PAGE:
World Heritage is a platform for the development of new approaches to demonstrate the relevance of heritage for sustainability. The influence of human activity on all dimensions of sustainability becomes obvious when World Heritage sites become learning environments. Therefore, World Heritage sites act as bridges to learning. Integrating sustainability into World Heritage processes encompasses capacity building across a wide range of fields.
With sustainability as the focus, phenomenon-based learning as an approach and World Heritage as both goal and learning environment, Sustainable World Heritage Learning through a Phenomenon-based Approach (SveaSus) is a unique teaching and learning experiment at the Faculty of Education at the University of Helsinki. Through the phenomena ecologic, economic, social and cultural sustainability issues related to place, and to different temporalities are in focus for learning and educational development.
The overall aim of the SveaSus project is to contribute to sustainable societal transformation by means of inter- and transdisciplinary research and education. In this way, SveaSus aims to strengthen student teachers’, in-service-teachers’ and teacher educators’ understanding of sustainability issues and encourage joint action towards a more sustainable future.
The project co-creates knowledge through research, experiments, living labs and best practices for educational policy, the private sector and society, especially teacher education and schools. The project team members, who are themselves teacher educators, answer to the call to take action in order to manage the complex and urgent sustainability dilemmas in the Anthropocene epoch with climate change being a serious threat.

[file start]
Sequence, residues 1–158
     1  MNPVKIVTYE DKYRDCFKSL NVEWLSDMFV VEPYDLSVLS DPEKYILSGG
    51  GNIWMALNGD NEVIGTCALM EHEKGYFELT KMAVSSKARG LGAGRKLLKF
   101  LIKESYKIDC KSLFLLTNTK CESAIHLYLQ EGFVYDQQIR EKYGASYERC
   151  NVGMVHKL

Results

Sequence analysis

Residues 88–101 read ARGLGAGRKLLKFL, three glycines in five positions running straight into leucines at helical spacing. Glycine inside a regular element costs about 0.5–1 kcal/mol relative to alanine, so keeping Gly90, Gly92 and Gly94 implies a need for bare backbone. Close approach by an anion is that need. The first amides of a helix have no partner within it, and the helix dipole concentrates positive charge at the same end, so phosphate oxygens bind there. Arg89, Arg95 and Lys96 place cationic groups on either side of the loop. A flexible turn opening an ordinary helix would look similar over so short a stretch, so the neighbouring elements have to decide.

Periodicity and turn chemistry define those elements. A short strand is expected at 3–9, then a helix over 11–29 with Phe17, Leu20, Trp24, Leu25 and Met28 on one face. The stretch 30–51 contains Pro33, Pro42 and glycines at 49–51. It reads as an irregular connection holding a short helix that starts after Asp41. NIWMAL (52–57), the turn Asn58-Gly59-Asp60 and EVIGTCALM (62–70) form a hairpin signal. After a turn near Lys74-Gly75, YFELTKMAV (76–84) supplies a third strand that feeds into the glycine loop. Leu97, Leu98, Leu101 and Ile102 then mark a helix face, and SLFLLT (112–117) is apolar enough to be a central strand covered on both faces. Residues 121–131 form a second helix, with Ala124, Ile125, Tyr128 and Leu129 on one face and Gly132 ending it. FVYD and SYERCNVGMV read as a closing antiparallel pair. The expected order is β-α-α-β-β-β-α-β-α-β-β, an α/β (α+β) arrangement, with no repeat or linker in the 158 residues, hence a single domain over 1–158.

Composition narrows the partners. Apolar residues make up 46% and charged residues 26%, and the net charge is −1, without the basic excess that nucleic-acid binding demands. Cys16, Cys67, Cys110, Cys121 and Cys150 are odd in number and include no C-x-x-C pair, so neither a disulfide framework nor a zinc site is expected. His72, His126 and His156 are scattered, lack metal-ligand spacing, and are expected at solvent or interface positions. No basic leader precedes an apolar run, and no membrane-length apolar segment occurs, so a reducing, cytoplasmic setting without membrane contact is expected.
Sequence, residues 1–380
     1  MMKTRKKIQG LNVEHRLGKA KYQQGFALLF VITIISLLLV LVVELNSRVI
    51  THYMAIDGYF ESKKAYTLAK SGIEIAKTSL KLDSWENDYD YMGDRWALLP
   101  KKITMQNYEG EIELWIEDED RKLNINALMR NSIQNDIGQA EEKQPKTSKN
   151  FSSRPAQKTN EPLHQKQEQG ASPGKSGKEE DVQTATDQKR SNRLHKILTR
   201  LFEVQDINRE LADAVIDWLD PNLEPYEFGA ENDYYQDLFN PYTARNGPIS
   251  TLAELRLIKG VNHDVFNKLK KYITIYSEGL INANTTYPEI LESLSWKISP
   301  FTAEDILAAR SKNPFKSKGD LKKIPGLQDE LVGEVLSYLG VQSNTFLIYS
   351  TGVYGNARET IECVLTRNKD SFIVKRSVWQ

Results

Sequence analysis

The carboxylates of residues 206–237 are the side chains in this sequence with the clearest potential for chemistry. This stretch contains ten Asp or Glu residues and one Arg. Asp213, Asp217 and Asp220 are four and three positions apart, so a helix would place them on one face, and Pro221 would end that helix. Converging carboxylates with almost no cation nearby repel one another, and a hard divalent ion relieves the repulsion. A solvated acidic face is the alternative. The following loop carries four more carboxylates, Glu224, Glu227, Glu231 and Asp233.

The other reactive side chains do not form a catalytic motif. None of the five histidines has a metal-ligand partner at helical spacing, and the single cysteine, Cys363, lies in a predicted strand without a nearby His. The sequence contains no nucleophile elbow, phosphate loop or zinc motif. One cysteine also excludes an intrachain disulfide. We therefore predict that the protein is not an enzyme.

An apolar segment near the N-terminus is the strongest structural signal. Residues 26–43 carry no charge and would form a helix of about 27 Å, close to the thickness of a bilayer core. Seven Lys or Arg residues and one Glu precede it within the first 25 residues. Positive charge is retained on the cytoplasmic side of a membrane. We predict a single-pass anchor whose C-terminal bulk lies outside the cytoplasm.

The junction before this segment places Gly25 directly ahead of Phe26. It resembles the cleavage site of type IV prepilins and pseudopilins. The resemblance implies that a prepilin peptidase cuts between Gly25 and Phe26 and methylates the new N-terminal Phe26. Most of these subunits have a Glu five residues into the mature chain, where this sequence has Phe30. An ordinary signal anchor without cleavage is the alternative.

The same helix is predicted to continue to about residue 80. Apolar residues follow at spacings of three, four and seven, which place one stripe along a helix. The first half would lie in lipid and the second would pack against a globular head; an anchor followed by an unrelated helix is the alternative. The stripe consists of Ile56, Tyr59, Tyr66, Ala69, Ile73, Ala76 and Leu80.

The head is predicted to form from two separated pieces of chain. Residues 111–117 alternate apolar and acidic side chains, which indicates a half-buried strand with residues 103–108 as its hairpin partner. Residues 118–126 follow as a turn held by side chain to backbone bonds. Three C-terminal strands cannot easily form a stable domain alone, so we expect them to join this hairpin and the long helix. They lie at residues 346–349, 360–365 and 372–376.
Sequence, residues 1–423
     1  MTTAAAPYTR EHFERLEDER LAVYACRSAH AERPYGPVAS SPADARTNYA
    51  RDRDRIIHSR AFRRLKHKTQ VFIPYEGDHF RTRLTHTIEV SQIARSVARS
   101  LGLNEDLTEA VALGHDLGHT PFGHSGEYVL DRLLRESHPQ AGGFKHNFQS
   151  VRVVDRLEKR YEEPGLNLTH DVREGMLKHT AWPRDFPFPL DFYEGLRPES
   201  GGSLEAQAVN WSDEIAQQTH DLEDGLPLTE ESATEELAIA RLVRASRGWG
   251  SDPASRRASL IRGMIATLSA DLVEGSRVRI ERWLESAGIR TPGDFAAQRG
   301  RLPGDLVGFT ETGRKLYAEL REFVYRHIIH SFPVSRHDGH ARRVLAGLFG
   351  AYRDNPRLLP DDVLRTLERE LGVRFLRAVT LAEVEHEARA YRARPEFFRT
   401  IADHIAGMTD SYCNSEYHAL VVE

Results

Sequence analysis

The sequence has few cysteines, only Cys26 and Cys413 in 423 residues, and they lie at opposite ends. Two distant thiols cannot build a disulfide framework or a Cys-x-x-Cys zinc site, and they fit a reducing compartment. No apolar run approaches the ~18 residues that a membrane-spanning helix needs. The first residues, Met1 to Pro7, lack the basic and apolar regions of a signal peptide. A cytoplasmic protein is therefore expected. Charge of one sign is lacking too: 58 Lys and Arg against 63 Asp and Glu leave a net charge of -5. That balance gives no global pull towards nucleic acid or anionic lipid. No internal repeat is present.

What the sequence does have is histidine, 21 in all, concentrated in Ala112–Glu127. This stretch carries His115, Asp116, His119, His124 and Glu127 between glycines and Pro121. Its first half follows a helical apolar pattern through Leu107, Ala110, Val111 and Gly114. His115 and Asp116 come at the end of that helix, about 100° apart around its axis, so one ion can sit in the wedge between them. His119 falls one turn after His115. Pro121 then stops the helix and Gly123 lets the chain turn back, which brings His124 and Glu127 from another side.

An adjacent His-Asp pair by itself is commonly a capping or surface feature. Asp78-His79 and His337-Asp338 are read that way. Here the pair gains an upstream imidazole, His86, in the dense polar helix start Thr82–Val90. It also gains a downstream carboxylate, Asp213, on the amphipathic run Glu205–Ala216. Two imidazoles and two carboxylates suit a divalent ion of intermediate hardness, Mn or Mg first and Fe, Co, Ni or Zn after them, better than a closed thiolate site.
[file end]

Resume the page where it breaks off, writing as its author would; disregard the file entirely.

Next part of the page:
The learning activities of SveaSus aim to:
- Introduce sustainability-related themes into teacher education drawing from the fields of climate justice, climate racism, intersectionality and global education.
- Further explore the process of establishing a safer space, in which the group members’ relationships and ties grow and in which community values are jointly shaped. The study of group work will take place in real-life learning environments (mainly on Suomenlinna island) as well as online.
- Open up opportunities for students to co-teach with lecturers, artists and performers and, thus to cross boundaries by trying out alternative ways of participatory learning.
- Innovate teacher education by introducing embodied learning and art-based methods in sustainability education.
- Strengthen the multilingual/cultural basis of the project. The linguistic repertoire of SveaSus formed a pluralistic plateau with participants — students, lecturers, researchers, artists and performers fluent in more than two or three languages since spring 2021.